Even The Rain May Not Save The Retailers As Confidence Continues To Slump

Getty/Matt Cardy

Hopes for a turnaround in the retail sector have dampened, even in the absence of wet weather.

The sun and customers have stayed out longer than expected and left more stock on the shelves over the Autumn quarter.

Commonwealth Bank retail analyst Andrew McLennan said the slower than expected start to winter has already taken a toll on the sector.

“We don’t know how tough it will be, but it will be tough,” he said.

“When it comes to the weather we have such a short winter in Australia and there is not a huge opportunity for Australian retailers to take advantage of it.”

Even a record low cash rate has failed to boost the struggling industry as much as its management or investors would have wished.

McLennan concedes the sector saw improvements at the beginning of the year but said it deteriorated as consumer confidence softened.

“Materially rate cuts have definitely been a positive but it’s more than likely been offset by other negatives.”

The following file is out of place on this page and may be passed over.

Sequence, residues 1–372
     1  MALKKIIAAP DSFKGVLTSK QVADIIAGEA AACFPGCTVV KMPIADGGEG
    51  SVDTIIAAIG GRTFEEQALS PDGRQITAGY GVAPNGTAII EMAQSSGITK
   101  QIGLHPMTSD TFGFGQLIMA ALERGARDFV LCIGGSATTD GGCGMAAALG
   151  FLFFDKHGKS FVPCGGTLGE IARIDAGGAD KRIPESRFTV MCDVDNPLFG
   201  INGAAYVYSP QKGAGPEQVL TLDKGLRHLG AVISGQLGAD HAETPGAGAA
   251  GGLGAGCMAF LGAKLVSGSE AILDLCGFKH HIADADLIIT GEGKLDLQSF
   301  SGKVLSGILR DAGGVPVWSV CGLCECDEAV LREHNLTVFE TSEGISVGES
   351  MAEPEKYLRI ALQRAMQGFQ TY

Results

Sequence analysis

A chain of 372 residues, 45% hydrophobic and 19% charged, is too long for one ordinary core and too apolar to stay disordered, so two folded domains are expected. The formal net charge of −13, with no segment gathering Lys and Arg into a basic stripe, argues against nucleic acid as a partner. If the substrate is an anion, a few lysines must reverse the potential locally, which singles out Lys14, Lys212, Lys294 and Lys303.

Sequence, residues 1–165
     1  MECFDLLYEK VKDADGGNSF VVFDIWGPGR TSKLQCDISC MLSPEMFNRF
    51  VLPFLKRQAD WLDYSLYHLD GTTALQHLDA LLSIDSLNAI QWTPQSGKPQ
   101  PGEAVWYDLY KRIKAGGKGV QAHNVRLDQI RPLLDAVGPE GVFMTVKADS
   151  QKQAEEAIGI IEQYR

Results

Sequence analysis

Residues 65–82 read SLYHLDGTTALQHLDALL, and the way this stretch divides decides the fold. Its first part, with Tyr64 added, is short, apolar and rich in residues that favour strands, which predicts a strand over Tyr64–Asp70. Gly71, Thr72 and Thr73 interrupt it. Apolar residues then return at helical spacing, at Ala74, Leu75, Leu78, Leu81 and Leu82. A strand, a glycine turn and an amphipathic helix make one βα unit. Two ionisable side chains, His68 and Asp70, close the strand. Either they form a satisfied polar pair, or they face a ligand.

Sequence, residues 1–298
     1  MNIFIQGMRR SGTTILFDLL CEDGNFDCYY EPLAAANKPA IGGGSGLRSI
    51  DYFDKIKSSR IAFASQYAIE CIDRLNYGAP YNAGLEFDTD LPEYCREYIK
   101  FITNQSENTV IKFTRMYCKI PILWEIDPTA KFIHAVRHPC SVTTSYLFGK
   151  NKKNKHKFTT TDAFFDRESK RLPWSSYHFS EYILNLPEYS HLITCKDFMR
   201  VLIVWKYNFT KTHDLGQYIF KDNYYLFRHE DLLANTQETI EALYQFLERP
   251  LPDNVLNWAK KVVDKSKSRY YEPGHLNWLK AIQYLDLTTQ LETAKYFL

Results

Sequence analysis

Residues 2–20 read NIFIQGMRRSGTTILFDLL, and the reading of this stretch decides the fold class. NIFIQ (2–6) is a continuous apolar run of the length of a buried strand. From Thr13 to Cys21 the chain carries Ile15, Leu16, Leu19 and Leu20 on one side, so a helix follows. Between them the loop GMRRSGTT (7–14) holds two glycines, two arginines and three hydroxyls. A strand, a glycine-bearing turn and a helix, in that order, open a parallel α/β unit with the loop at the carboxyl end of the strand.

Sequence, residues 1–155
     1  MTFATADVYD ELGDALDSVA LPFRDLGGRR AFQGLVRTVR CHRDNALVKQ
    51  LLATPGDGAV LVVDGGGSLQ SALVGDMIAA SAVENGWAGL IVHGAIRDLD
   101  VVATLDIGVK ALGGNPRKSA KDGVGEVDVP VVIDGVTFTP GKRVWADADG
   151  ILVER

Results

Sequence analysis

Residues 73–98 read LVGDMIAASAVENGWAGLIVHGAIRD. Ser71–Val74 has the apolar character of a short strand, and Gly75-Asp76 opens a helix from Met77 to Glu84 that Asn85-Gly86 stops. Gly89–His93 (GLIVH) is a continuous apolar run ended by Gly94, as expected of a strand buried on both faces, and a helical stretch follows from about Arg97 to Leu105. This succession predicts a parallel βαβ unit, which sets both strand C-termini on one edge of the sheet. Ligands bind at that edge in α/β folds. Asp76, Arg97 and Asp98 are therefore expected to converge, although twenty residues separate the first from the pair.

Myer CEO Bernie Brookes highlighted a cautious trading environment when the department store retailer posted 0.5% quarterly sales growth today.

McLennan believes this cautiousness is the reason consumers aren’t spending and instead continuing to save and pay-down debt.

“Retailers are in the business of growing gross profit dollars. You can drive sales growth through discounting but it won’t grow the gross profit dollar,” he said.

Nimble management is the answer according to McLennan, who favours Myer’s rival David Jones for its growth prospects.

“We are overweight DJs and we’re neutral on Myer and the reason for that is DJs may be further behind technology but they’re now catching up,” he said.

Now read: Myer Sales Are Growing But Bernie Brookes Is Still Cautious About Retail

Follow Business Insider Australia on Facebook and Twitter

NOW WATCH: Money & Markets videos

Want to read a more in-depth view on the trends influencing Australian business and the global economy? BI / Research is designed to help executives and industry leaders understand the major challenges and opportunities for industry, technology, strategy and the economy in the future. Sign up for free at research.businessinsider.com.au.